n January 25, the Ontario government announced that it was investing $4.75 million to expand a virtual “walk-in” mental health counselling program.
The “One Stop Talk” project, explained the release, is aimed to make it “easier and more convenient” for children, youth, and families in Ontario to access mental health help throughout the province.
If all goes according to plan, children and youth get to speak with a clinician by phone, text, or video without an appointment, and access help “no matter where they live,” given that they have access to a phone or computer and internet connection.
Sylvia Jones, Deputy Premier and Minister of Health, said this offers modern and convenient options for youth “to connect to help in ways that they’re used to communicating.”
There are two problems with this model.
First, virtual care is proven to be just as effective in treating symptoms of anxiety and depression as it is in person, as long as it offers recurring sessions and perpetual support, which the new program does not. The Ontario government opts for convenience: a streamlined approach to help victims of trauma, with just one appointment, at a distance.
Second, virtual mental health care is not friendly to marginalized groups, including families whose children and youth face lack of housing, are unable to access private phones and computers, have poor digital literacy, and can’t keep up with costly internet and technology bills. Their living situations may prevent them from benefiting from these much-needed mental health initiatives.
Poverty and mental illness go hand in hand. Canadians who live in the lowest income group are 3 to 4 times more likely to report poor to fair mental health. At least 12 percent of Ontarians do not have access to a reliable internet connection at home and implementing proposed solutions could take years. Addressing poverty is key to providing proper mental health care and supporting the recovery of people with mental illness.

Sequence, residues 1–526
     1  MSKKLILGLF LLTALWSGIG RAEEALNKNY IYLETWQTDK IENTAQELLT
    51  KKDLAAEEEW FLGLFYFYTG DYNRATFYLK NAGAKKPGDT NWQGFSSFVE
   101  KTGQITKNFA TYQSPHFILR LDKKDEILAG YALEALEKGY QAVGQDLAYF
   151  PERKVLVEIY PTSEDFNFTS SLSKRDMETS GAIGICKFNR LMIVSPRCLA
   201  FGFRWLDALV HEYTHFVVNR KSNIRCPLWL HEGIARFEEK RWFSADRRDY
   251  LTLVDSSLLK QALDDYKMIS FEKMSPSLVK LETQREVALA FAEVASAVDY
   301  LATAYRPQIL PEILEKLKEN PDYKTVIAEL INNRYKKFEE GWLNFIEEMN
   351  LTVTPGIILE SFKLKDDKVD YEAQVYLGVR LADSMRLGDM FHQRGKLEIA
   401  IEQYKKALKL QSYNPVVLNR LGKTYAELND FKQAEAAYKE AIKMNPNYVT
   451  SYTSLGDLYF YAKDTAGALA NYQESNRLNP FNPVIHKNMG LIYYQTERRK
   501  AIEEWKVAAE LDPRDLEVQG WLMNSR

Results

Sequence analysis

Mass funding a virtual mental health walk-in approach mandated with technological admission is cold and artificial. It creates more barriers for youth, low-income households, and people experiencing homelessness to access proper mental health support. Ignoring the mental health needs of marginalized communities reinforces an insincere and experimental rummaging of emotions without ever building resilience.
The solution is not to create more online and phone hubs. Programs that offer one-off crisis management sessions online or by phone have been available since before the turn of the 21st century. Kids Help Phone has been providing online counselling to youth across Canada since 1989. Wellness Together Canada provides free online resources for mental health and support for substance use. Crisis Text Line Canada can be used by anyone in Canada for free, with 24/7 support. These programs are all attainable to those who have the means to access them.
Meanwhile, in-person emergency mental health support is scarce, understaffed, and underfunded. Walk-in options include a few mental health hubs for children and youth scattered around the province with strict hours of operation, or local hospital admission, notorious for prolonged wait times, poor mental health assessment, and negligent care toward vulnerable populations.
This project inevitably asks the child or youth in need to do most of the work from the very beginning. In an ideal scenario, a person seeking help will first need to access a private phone or computer, know how to get in contact, and trust the randomly assigned clinician to help them with their crisis, all while experiencing adversity and defeat.
New solutions should fund recurring therapy sessions to work through rooted problems instead of funding solutions that make it so that kids in need must start from scratch with a new clinician every time. Building foundational mental health tools for children and youth to use on their own after a single online session is presumptuous and overbearing.
This virtual walk-in format should be used as an informational guide, not an open-arms sense of relief in a time of hardship. It should also be accessed by all families, children, and youth. Expanding a virtual walk-in program to make it easier and more convenient for kids to communicate with strangers about their mental health is futile. It should not prioritize single randomized therapy sessions that can only be accessed via screen. Significant mental health support should never forgo marginalized groups.
If the Ontario government invested more in proper mental health care for all Ontarians, we wouldn’t be seeing children’s mental health care services being overrun in hospitals, families feeling overwhelmed with online and phone directories, and experiencing such violence on the TTC.